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Brien, Donna Lee. "A Taste of Singapore: Singapore Food Writing and Culinary Tourism." M/C Journal 17, no.1 (March16, 2014). http://dx.doi.org/10.5204/mcj.767.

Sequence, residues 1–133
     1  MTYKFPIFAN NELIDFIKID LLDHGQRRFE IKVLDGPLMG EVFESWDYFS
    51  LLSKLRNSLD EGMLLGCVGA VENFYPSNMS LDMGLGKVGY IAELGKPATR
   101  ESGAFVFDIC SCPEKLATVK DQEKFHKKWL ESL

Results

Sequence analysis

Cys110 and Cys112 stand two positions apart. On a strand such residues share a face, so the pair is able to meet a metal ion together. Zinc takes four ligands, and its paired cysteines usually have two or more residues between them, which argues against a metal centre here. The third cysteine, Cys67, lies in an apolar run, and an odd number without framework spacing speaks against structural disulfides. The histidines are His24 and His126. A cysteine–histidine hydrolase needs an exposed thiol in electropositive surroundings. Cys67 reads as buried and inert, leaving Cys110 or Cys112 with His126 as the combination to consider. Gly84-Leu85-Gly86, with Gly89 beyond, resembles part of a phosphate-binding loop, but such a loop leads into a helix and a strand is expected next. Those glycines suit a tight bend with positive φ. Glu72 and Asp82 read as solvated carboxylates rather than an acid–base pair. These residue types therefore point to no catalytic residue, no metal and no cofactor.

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Introduction Many destinations promote culinary encounters. Foods and beverages, and especially how these will taste in situ, are being marketed as niche travel motivators and used in destination brand building across the globe. While initial usage of the term culinary tourism focused on experiencing exotic cultures of foreign destinations by sampling unfamiliar food and drinks, the term has expanded to embrace a range of leisure travel experiences where the aim is to locate and taste local specialities as part of a pleasurable, and hopefully notable, culinary encounter (Wolf). Long’s foundational work was central in developing the idea of culinary tourism as an active endeavor, suggesting that via consumption, individuals construct unique experiences. Ignatov and Smith’s literature review-inspired definition confirms the nature of activity as participatory, and adds consuming food production skills—from observing agriculture and local processors to visiting food markets and attending cooking schools—to culinary purchases. Despite importing almost all of its foodstuffs and beverages, including some of its water, Singapore is an acknowledged global leader in culinary tourism. Horng and Tsai note that culinary tourism conceptually implies that a transferal of “local or special knowledge and information that represent local culture and identities” (41) occurs via these experiences. This article adds the act of reading to these participatory activities and suggests that, because food writing forms an important component of Singapore’s suite of culinary tourism offerings, taste contributes to the cultural experience offered to both visitors and locals. While Singapore foodways have attracted significant scholarship (see, for instance, work by Bishop; Duruz; Huat & Rajah; Tarulevicz, Eating), Singapore food writing, like many artefacts of popular culture, has attracted less notice. Yet, this writing is an increasingly visible component of cultural production of, and about, Singapore, and performs a range of functions for locals, tourists and visitors before they arrive. Although many languages are spoken in Singapore, English is the national language (Alsagoff) and this study focuses on food writing in English. Background Tourism comprises a major part of Singapore’s economy, with recent figures detailing that food and beverage sales contribute over 10 per cent of this revenue, with spend on culinary tours and cookery classes, home wares such as tea-sets and cookbooks, food magazines and food memoirs additional to this (Singapore Government). This may be related to the fact that Singapore not only promotes food as a tourist attraction, but also actively promotes itself as an exceptional culinary destination. The Singapore Tourism Board (STB) includes food in its general information brochures and websites, and its print, television and cinema commercials (Huat and Rajah). It also mounts information-rich campaigns both abroad and inside Singapore. The 2007 ‘Singapore Seasons’ campaign, for instance, promoted Singaporean cuisine alongside films, design, books and other cultural products in London, New York and Beijing. Touring cities identified as key tourist markets in 2011, the ‘Singapore Takeout’ pop-up restaurant brought the taste of Singaporean foods into closer focus. Singaporean chefs worked with high profile locals in its kitchen in a custom-fabricated shipping container to create and demonstrate Singaporean dishes, attracting public and media interest. In country, the STB similarly actively promotes the tastes of Singaporean foods, hosting the annual World Gourmet Summit (Chaney and Ryan) and Pacific Food Expo, both attracting international culinary professionals to work alongside local leaders. The Singapore Food Festival each July is marketed to both locals and visitors. In these ways, the STB, as well as providing events for visitors, is actively urging Singaporeans to proud of their food culture and heritage, so that each Singaporean becomes a proactive ambassador of their cuisine. Singapore Food Writing Popular print guidebooks and online guides to Singapore pay significantly more attention to Singaporean food than they do for many other destinations. Sections on food in such publications discuss at relative length the taste of Singaporean food (always delicious) as well as how varied, authentic, hygienic and suited-to-all-budgets it is. These texts also recommend hawker stalls and food courts alongside cafés and restaurants (Henderson et al.), and a range of other culinary experiences such as city and farm food tours and cookery classes. This writing describes not only what can be seen or learned during these experiences, but also what foods can be sampled, and how these might taste. This focus on taste is reflected in the printed materials that greet the in-bound tourist at the airport. On a visit in October 2013, arrival banners featuring mouth-watering images of local specialities such as chicken rice and chilli crab marked the route from arrival to immigration and baggage collection. Even advertising for a bank was illustrated with photographs of luscious-looking fruits. The free maps and guidebooks available featured food-focused tours and restaurant locations, and there were also substantial free booklets dedicated solely to discussing local delicacies and their flavours, plus recommended locations to sample them. A website and free mobile app were available that contain practical information about dishes, ingredients, cookery methods, and places to eat, as well as historical and cultural information. These resources are also freely distributed to many hotels and popular tourist destinations. Alongside organising food walks, bus tours and cookery classes, the STB also recommends the work of a number of Singaporean food writers—principally prominent Singapore food bloggers, reviewers and a number of memoirists—as authentic guides to what are described as unique Singaporean flavours. The strategies at the heart of this promotion are linking advertising to useful information. At a number of food centres, for instance, STB information panels provide details about both specific dishes and Singapore’s food culture more generally (Henderson et al.). This focus is apparent at many tourist destinations, many of which are also popular local attractions. In historic Fort Canning Park, for instance, there is a recreation of Raffles’ experimental garden, established in 1822, where he grew the nutmeg, clove and other plants that were intended to form the foundation for spice plantations but were largely unsuccessful (Reisz). Today, information panels not only indicate the food plants’ names and how to grow them, but also their culinary and medicinal uses, recipes featuring them and the related food memories of famous Singaporeans. The Singapore Botanic Gardens similarly houses the Ginger Garden displaying several hundred species of ginger and information, and an Eco(-nomic/logical) Garden featuring many food plants and their stories. In Chinatown, panels mounted outside prominent heritage brands (often still quite small shops) add content to the shopping experience. A number of museums profile Singapore’s food culture in more depth. The National Museum of Singapore has a permanent Living History gallery that focuses on Singapore’s street food from the 1950s to 1970s. This display includes food-related artefacts, interactive aromatic displays of spices, films of dishes being made and eaten, and oral histories about food vendors, all supported by text panels and booklets. Here food is used to convey messages about the value of Singapore’s ethnic diversity and cross-cultural exchanges. Versions of some of these dishes can then be sampled in the museum café (Time Out Singapore). The Peranakan Museum—which profiles the unique hybrid culture of the descendants of the Chinese and South Indian traders who married local Malay women—shares this focus, with reconstructed kitchens and dining rooms, exhibits of cooking and eating utensils and displays on food’s ceremonial role in weddings and funerals all supported with significant textual information. The Chinatown Heritage Centre not only recreates food preparation areas as a vivid indicator of poor Chinese immigrants’ living conditions, but also houses The National Restaurant of Singapore, which translates this research directly into meals that recreate the heritage kopi tiam (traditional coffee shop) cuisine of Singapore in the 1930s, purposefully bringing taste into the service of education, as its descriptive menu states, “educationally delighting the palate” (Chinatown Heritage Centre). These museums recognise that shopping is a core tourist activity in Singapore (Chang; Yeung et al.). Their gift- and bookshops cater to the culinary tourist by featuring quality culinary products for sale (including, for instance, teapots and cups, teas, spices and traditional sweets, and other foods) many of which are accompanied by informative tags or brochures. At the centre of these curated, purchasable collections are a range written materials: culinary magazines, cookbooks, food histories and memoirs, as well as postcards and stationery printed with recipes. Food Magazines Locally produced food magazines cater to a range of readerships and serve to extend the culinary experience both in, and outside, Singapore. These include high-end gourmet, luxury lifestyle publications like venerable monthly Wine & Dine: The Art of Good Living, which, in in print for almost thirty years, targets an affluent readership (Wine & Dine). The magazine runs features on local dining, gourmet products and trends, as well as international epicurean locations and products. Beautifully illustrated recipes also feature, as the magazine declares, “we’ve recognised that sharing more recipes should be in the DNA of Wine & Dine’s editorial” (Wine & Dine). Appetite magazine, launched in 2006, targets the “new and emerging generation of gourmets—foodies with a discerning and cosmopolitan outlook, broad horizons and a insatiable appetite” (Edipresse Asia) and is reminiscent in much of its styling of New Zealand’s award-winning Cuisine magazine. Its focus is to present a fresh approach to both cooking at home and dining out, as readers are invited to “Whip up the perfect soufflé or feast with us at the finest restaurants in Singapore and around the region” (Edipresse Asia). Chefs from leading local restaurants are interviewed, and the voices of “fellow foodies and industry watchers” offer an “insider track” on food-related news: “what’s good and what’s new” (Edipresse Asia). In between these publications sits Epicure: Life’s Refinements, which features local dishes, chefs, and restaurants as well as an overseas travel section and a food memories column by a featured author. Locally available ingredients are also highlighted, such as abalone (Cheng) and an interesting range of mushrooms (Epicure). While there is a focus on an epicurean experience, this is presented slightly more casually than in Wine & Dine. Food & Travel focuses more on home cookery, but each issue also includes reviews of Singapore restaurants. The bimonthly bilingual (Chinese and English) Gourmet Living features recipes alongside a notable focus on food culture—with food history columns, restaurant reviews and profiles of celebrated chefs. An extensive range of imported international food magazines are also available, with those from nearby Malaysia and Indonesia regularly including articles on Singapore. Cookbooks These magazines all include reviews of cookery books including Singaporean examples – and some feature other food writing such as food histories, memoirs and blogs. These reviews draw attention to how many Singaporean cookbooks include a focus on food history alongside recipes. Cookery teacher Yee Soo Leong’s 1976 Singaporean Cooking was an early example of cookbook as heritage preservation. This 1976 book takes an unusual view of ‘Singaporean’ flavours. Beginning with sweet foods—Nonya/Singaporean and western cakes, biscuits, pies, pastries, bread, desserts and icings—it also focuses on both Singaporean and Western dishes. This text is also unusual as there are only 6 lines of direct authorial address in the author’s acknowledgements section. Expatriate food writer Wendy Hutton’s Singapore Food, first published in 1979, reprinted many times after and revised in 2007, has long been recognised as one of the most authoritative titles on Singapore’s food heritage. Providing an socio-historical map of Singapore’s culinary traditions, some one third of the first edition was devoted to information about Singaporean multi-cultural food history, including detailed profiles of a number of home cooks alongside its recipes. Published in 1980, Kenneth Mitchell’s A Taste of Singapore is clearly aimed at a foreign readership, noting the variety of foods available due to the racial origins of its inhabitants. The more modest, but equally educational in intent, Hawkers Flavour: A Guide to Hawkers Gourmet in Malaysia and Singapore (in its fourth printing in 1998) contains a detailed introductory essay outlining local food culture, favourite foods and drinks and times these might be served, festivals and festive foods, Indian, Indian Muslim, Chinese, Nyonya (Chinese-Malay), Malay and Halal foods and customs, followed with a selection of recipes from each. More contemporary examples of such information-rich cookbooks, such as those published in the frequently reprinted Periplus Mini Cookbook series, are sold at tourist attractions. Each of these modestly priced, 64-page, mouthwateringly illustrated booklets offer framing information, such as about a specific food culture as in the Nonya kitchen in Nonya Favourites (Boi), and explanatory glossaries of ingredients, as in Homestyle Malay Cooking (Jelani). Most recipes include a boxed paragraph detailing cookery or ingredient information that adds cultural nuance, as well as trying to describe tastes that the (obviously foreign) intended reader may not have encountered. Malaysian-born Violet Oon, who has been called the Julia Child of Singapore (Bergman), writes for both local and visiting readers. The FOOD Paper, published monthly for a decade from January 1987 was, she has stated, then “Singapore’s only monthly publication dedicated to the CSF—Certified Singapore Foodie” (Oon, Violet Oon Cooks 7). Under its auspices, Oon promoted her version of Singaporean cuisine to both locals and visitors, as well as running cookery classes and culinary events, hosting her own television cooking series on the Singapore Broadcasting Corporation, and touring internationally for the STB as a ‘Singapore Food Ambassador’ (Ahmad; Kraal). Taking this representation of flavor further, Oon has also produced a branded range of curry powders, spices, and biscuits, and set up a number of food outlets. Her first cookbook, World Peranakan Cookbook, was published in 1978. Her Singapore: 101 Meals of 1986 was commissioned by the STB, then known as the Singapore Tourist Promotion Board. Violet Oon Cooks, a compilation of recipes from The FOOD Paper, published in 1992, attracted a range of major international as well as Singaporean food sponsors, and her Timeless Recipes, published in 1997, similarly aimed to show how manufactured products could be incorporated into classic Singaporean dishes cooked at home. In 1998, Oon produced A Singapore Family Cookbook featuring 100 dishes. Many were from Nonya cuisine and her following books continued to focus on preserving heritage Singaporean recipes, as do a number of other nationally-cuisine focused collections such as Joyceline Tully and Christopher Tan’s Heritage Feasts: A Collection of Singapore Family Recipes. Sylvia Tan’s Singapore Heritage Food: Yesterday’s Recipes for Today’s Cooks, published in 2004, provides “a tentative account of Singapore’s food history” (5). It does this by mapping the various taste profiles of six thematically-arranged chronologically-overlapping sections, from the heritage of British colonialism, to the uptake of American and Russia foods in the Snackbar era of the 1960s and the use of convenience flavoring ingredients such as curry pastes, sauces, dried and frozen supermarket products from the 1970s. Other Volumes Other food-themed volumes focus on specific historical periods. Cecilia Leong-Salobir’s Food Culture in Colonial Asia: A Taste of Empire discusses the “unique hybrid” (1) cuisine of British expatriates in Singapore from 1858 to 1963. In 2009, the National Museum of Singapore produced the moving Wong Hong Suen’s Wartime Kitchen: Food and Eating in Singapore 1942–1950. This details the resilience and adaptability of both diners and cooks during the Japanese Occupation and in post-war Singapore, when shortages stimulated creativity. There is a centenary history of the Cold Storage company which shipped frozen foods all over south east Asia (Boon) and location-based studies such as Annette Tan’s Savour Chinatown: Stories Memories & Recipes. Tan interviewed hawkers, chefs and restaurant owners, working from this information to write both the book’s recipes and reflect on Chinatown’s culinary history. Food culture also features in (although it is not the main focus) more general book-length studies such as educational texts such as Chew Yen f*ck’s The Magic of Singapore and Melanie Guile’s Culture in Singapore (2000). Works that navigate both spaces (of Singaporean culture more generally and its foodways) such Lily Kong’s Singapore Hawker Centres: People, Places, Food, provide an consistent narrative of food in Singapore, stressing its multicultural flavours that can be enjoyed from eateries ranging from hawker stalls to high-end restaurants that, interestingly, that agrees with that promulgated in the food writing discussed above. Food Memoirs and Blogs Many of these narratives include personal material, drawing on the author’s own food experiences and taste memories. This approach is fully developed in the food memoir, a growing sub-genre of Singapore food writing. While memoirs by expatriate Singaporeans such as Cheryl Lu-Lien Tan’s A Tiger in the Kitchen: A Memoir of Food and Family, produced by major publisher Hyperion in New York, has attracted considerable international attention, it presents a story of Singapore cuisine that agrees with such locally produced texts as television chef and food writer Terry Tan’s Stir-fried and Not Shaken: A Nostalgic Trip Down Singapore’s Memory Lane and the food memoir of the Singaporean chef credited with introducing fine Malay dining to Singapore, Aziza Ali’s Sambal Days, Kampong Cuisine, published in Singapore in 2013 with the support of the National Heritage Board. All these memoirs are currently available in Singapore in both bookshops and a number of museums and other attractions. While underscoring the historical and cultural value of these foods, all describe the unique flavours of Singaporean cuisine and its deliciousness. A number of prominent Singapore food bloggers are featured in general guidebooks and promoted by the STB as useful resources to dining out in Singapore. One of the most prominent of these is Leslie Tay, a medical doctor and “passionate foodie” (Knipp) whose awardwinning ieatŸishootŸipost is currently attracting some 90,000 unique visitors every month and has had over 20,000 million hits since its launch in 2006. An online diary of Tay’s visits to hundreds of Singaporean hawker stalls, it includes descriptions and photographs of meals consumed, creating accumulative oral culinary histories of these dishes and those who prepared them. These narratives have been reorganised and reshaped in Tay’s first book The End of Char Kway Teow and Other Hawker Mysteries, where each chapter tells the story of one particular dish, including recommended hawker stalls where it can be enjoyed. Ladyironchef.com is a popular food and travel site that began as a blog in 2007. An edited collection of reviews of eateries and travel information, many by the editor himself, the site features lists of, for example, the best cafes (LadyIronChef “Best Cafes”), eateries at the airport (LadyIronChef “Guide to Dining”), and hawker stalls (Lim). While attesting to the cultural value of these foods, many articles also discuss flavour, as in Lim’s musings on: ‘how good can chicken on rice taste? … The glistening grains of rice perfumed by fresh chicken stock and a whiff of ginger is so good you can even eat it on its own’. Conclusion Recent Singapore food publishing reflects this focus on taste. Tay’s publisher, Epigram, growing Singaporean food list includes the recently released Heritage Cookbooks Series. This highlights specialist Singaporean recipes and cookery techniques, with the stated aim of preserving tastes and foodways that continue to influence Singaporean food culture today. Volumes published to date on Peranakan, South Indian, Cantonese, Eurasian, and Teochew (from the Chaoshan region in the east of China’s Guangdong province) cuisines offer both cultural and practical guides to the quintessential dishes and flavours of each cuisine, featuring simple family dishes alongside more elaborate special occasion meals. In common with the food writing discussed above, the books in this series, although dealing with very different styles of cookery, contribute to an overall impression of the taste of Singapore food that is highly consistent and extremely persuasive. This food writing narrates that Singapore has a delicious as well as distinctive and interesting food culture that plays a significant role in Singaporean life both currently and historically. It also posits that this food culture is, at the same time, easily accessible and also worthy of detailed consideration and discussion. In this way, this food writing makes a contribution to both local and visitors’ appreciation of Singaporean food culture. References Ahmad, Nureza. “Violet Oon.” Singapore Infopedia: An Electronic Encyclopedia on Singapore’s History, Culture, People and Events (2004). 22 Nov. 2013 ‹http://infopedia.nl.sg/articles/SIP_459_2005-01-14.html?s=Violet%20Oon›.Ali, Aziza. Sambal Days, Kampong Cuisine. Singapore: Ate Ideas, 2013. Alsagoff, Lubna. “English in Singapore: Culture, capital and identity in linguistic variation”. World Englishes 29.3 (2010): 336–48.Bergman, Justin. “Restaurant Report: Violet Oon’s Kitchen in Singapore.” New York Times (13 March 2013). 21 Nov. 2013 ‹http://www.nytimes.com/2013/03/17/travel/violet-oons-kitchen-singapore-restaurant-report.html?_r=0›. Bishop, Peter. “Eating in the Contact Zone: Singapore Foodscape and Cosmopolitan Timespace.” Continuum: Journal of Media & Cultural Studies 25.5 (2011): 637–652. Boi, Lee Geok. Nonya Favourites. Singapore: Periplus Editions, 2001. Boon, Goh Chor. Serving Singapore: A Hundred Years of Cold Storage 1903-2003. Singapore: Cold Storage Pty. Ltd., 2003. Chaney, Stephen, and Chris Ryan. “Analyzing the Evolution of Singapore’s World Gourmet Summit: An Example of Gastronomic Tourism.” International Journal of Hospitality Management 31.2 (2012): 309–18. Chang, T. C. “Local Uniqueness in the Global Village: Heritage Tourism in Singapore.” The Professional Geographer 51.1 (1999): 91–103. Cheng, Tiong Li. “Royal Repast.” Epicure: Life’s Refinements January (2012): 94–6. Chinatown Heritage Centre. National Restaurant of Singapore. (12 Nov. 2012). 21 Nov. 2013 ‹http://www.yoursingapore.com›.Duruz, Jean. “Living in Singapore, Travelling to Hong Kong, Remembering Australia …: Intersections of Food and Place.” Journal of Australian Studies 87 (2006): 101–15. -----. “From Malacca to Adelaide: Fragments Towards a Biography of Cooking, Yearning and Laksa.” Food and Foodways in Asia: Resource, Tradition and Cooking. Eds. Sidney C.H. Cheung, and Tan Chee-Beng. London: Routledge, 2007: 183–200. -----. “Tastes of Hybrid Belonging: Following the Laksa Trail in Katong, Singapore.” Continuum: Journal of Media & Cultural Studies 25.5 (2011): 605–18. Edipresse Asia Appetite (2013). 22 Nov. 2013 ‹http://www.edipresseasia.com/magazines.php?MagID=SGAPPETITE›. Epicure. “Mushroom Goodness.” Epicure: Life’s Refinements January (2012): 72–4. Epicure: Life’s Refinements. (2013) 1 Jan. 2014 ‹http://www.epicureasia.com›. Food & Travel. Singapore: Regent Media. 1 Jan. 2014 ‹http://www.regentmedia.sg/publications_food&travel.shtml›. f*ck, Chew Yen. The Magic of Singapore. London: New Holland, 2000. Guile, Melanie. Culture in Singapore. Port Melbourne: Heinemann/Harcourt Education Australia, 2003. Hawkers Flavour: A Guide to Hawkers Gourmet in Malaysia and Singapore. Kuala Lumpur: S. Abdul Majeed & Co., 1998. Henderson, Joan C., Ong Si Yun, Priscilla Poon, and Xu Biwei. “Hawker Centres as Tourist Attractions: The Case of Singapore.” International Journal of Hospitality Management 31.3 (2012): 849–55. Horng, Jeou-Shyan, and Chen-Tsang (Simon) Tsai. “Culinary Tourism Strategic Development: An Asia‐Pacific Perspective.” International Journal of Tourism Research 14 (2011): 40–55. Huat, Chua Beng, and Ananda Rajah. “Hybridity, Ethnicity and Food in Singapore.” Changing Chinese Foodways in Asia. Eds. David Y. H. Wu, and Chee Beng Tan. Hong Kong: The Chinese University of Hong Kong, Hong Kong, 2001: 161–98. Hutton, Wendy. Singapore Food. Singapore: Martin Cavendish, 1989/2007. Ignatov, Elena, and Stephen Smith. “Segmenting Canadian Culinary Tourists.” Current Issues in Tourism 9.3 (2006): 235–55. Jelani, Rohani. Homestyle Malay Cooking. Singapore: Periplus Editions, 2003. Knipp, Peter A. “Foreword: An Amazing Labour of Love.” The End of Char Kway Teow and Other Hawker Mysteries. Leslie Tay. Singapore: Epigram Books, 2010. viii–ix. Kong, Lily. Singapore Hawker Centres: People, Places, Food. Singapore: National Environment Agency, 2007 Kraal, David. “One and Only Violet Oon.” The Straits Times 20 January (1999). 1 Nov 2012 ‹http://www.straitstimes.com› LadyIronChef. “Best Cafes in Singapore.” ladyironchef.com (31 Mar. 2011). 21 Feb. 2014 ‹http://www.ladyironchef.com/2011/03/best-cafes-singapore› -----. “Guide to Dining at Changi Airport: 20 Places to Eat.” ladyironchef.com (10 Mar. 2014) 10 Mar. 2014 ‹http://www.ladyironchef.com/author/ladyironchef› Leong-Salobir, Cecilia. Food Culture in Colonial Asia: A Taste of Empire. Abingdon UK: Routledge, 2011. Lim, Sarah. “10 of the Best Singapore Hawker Food.” (14 Oct. 2013). 21 Feb. 2014 ‹http://www.ladyironchef.com/2013/10/best-singapore-hawker-food›. Long, Lucy M. “Culinary Tourism: A Folkloristic Perspective of Eating and Otherness.” Southern Folklore 55.2 (1998): 181–204. Mitchell, Kenneth, ed. A Taste of Singapore. Hong Kong: Four Corners Publishing Co. (Far East) Ltd. in association with South China Morning Post, 1980. Oon, Violet. World Peranakan Cookbook. Singapore: Times Periodicals, 1978. -----. Singapore: 101 Meals. Singapore: Singapore Tourist Promotion Board, 1986. -----. Violet Oon Cooks. Singapore: Ultra Violet, 1992. -----. Timeless Recipes. Singapore: International Enterprise Singapore, 1997. -----. A Singapore Family Cookbook. Singapore: Pen International, 1998. Reisz, Emma. “City as Garden: Shared Space in the Urban Botanic Gardens of Singapore and Malaysia, 1786–2000.” Postcolonial Urbanism: Southeast Asian Cities and Global Processes. Eds. Ryan Bishop, John Phillips, and Yeo Wei Wei. New York: Routledge, 2003: 123–48. Singapore Government. Singapore Annual Report on Tourism Statistics. Singapore: Singapore Government, 2012. Suen, Wong Hong. Wartime Kitchen: Food and Eating in Singapore 1942-1950. Singapore: Editions Didier Millet & National Museum of Singapore, 2009. Tan, Annette. Savour Chinatown: Stories, Memories & Recipes. Singapore: Ate Ideas, 2012. Tan, Cheryl Lu-Lien. A Tiger in the Kitchen: A Memoir of Food and Family. New York: Hyperion, 2011. Tan, Sylvia. Singapore Heritage Food: Yesterday’s Recipes for Today’s Cooks. Singapore: Landmark Books, 2004. Tan, Terry. Stir-Fried and Not Shaken: A Nostalgic Trip Down Singapore’s Memory Lane. Singapore: Monsoon, 2009. Tarulevicz, Nicole. Eating Her Curries and Kway: A Cultural History of Food in Singapore. Champaign, IL: U of Illinois P, 2013. Tay, Leslie. ieat·ishoot·ipost [blog] (2013) 21 Nov. 2013 ‹http://www.ieatishootipost.sg›. ---. The End of Char Kway Teow and Other Hawker Mysteries. Singapore: Epigram Books, 2010. Time Out Singapore. “Food for Thought (National Museum).” Time Out Singapore 8 July (2013). 11 Nov. 2013 ‹http://www.timeoutsingapore.com/restaurants/asian/food-for-thought-national-museum›. Tully, Joyceline, and Tan, Christopher. Heritage Feasts: A Collection of Singapore Family Recipes. Singapore: Miele/Ate Media, 2010. Wine & Dine: The Art of Good Living (Nov. 2013). 19 Nov. 2013 ‹http://www.wineanddine.com.sg›. Wine & Dine. “About Us: The Living Legacy.” Wine & Dine (Nov. 2013). 19 Nov. 2013 ‹http://www.wineanddine.com.sg/about-us› Wolf, E. “Culinary Tourism: A Tasty Economic Proposition.” (2002) 23 Nov. 2011 ‹http://www.culinary tourism.org›.Yeong, Yee Soo. Singapore Cooking. Singapore: Eastern Universities P, c.1976. Yeung, Sylvester, James Wong, and Edmond Ko. “Preferred Shopping Destination: Hong Kong Versus Singapore.” International Journal of Tourism Research 6.2 (2004): 85–96. Acknowledgements Research to complete this article was supported by Central Queensland University, Australia, under its Outside Studies Program (OSPRO) and Learning and Teaching Education Research Centre (LTERC). An earlier version of part of this article was presented at the 2nd Australasian Regional Food Networks and Cultures Conference, in the Barossa Valley in South Australia, Australia, 11–14 November 2012. The delegates of that conference and expert reviewers of this article offered some excellent suggestions regarding strengthening this article and their advice was much appreciated. All errors are, of course, my own.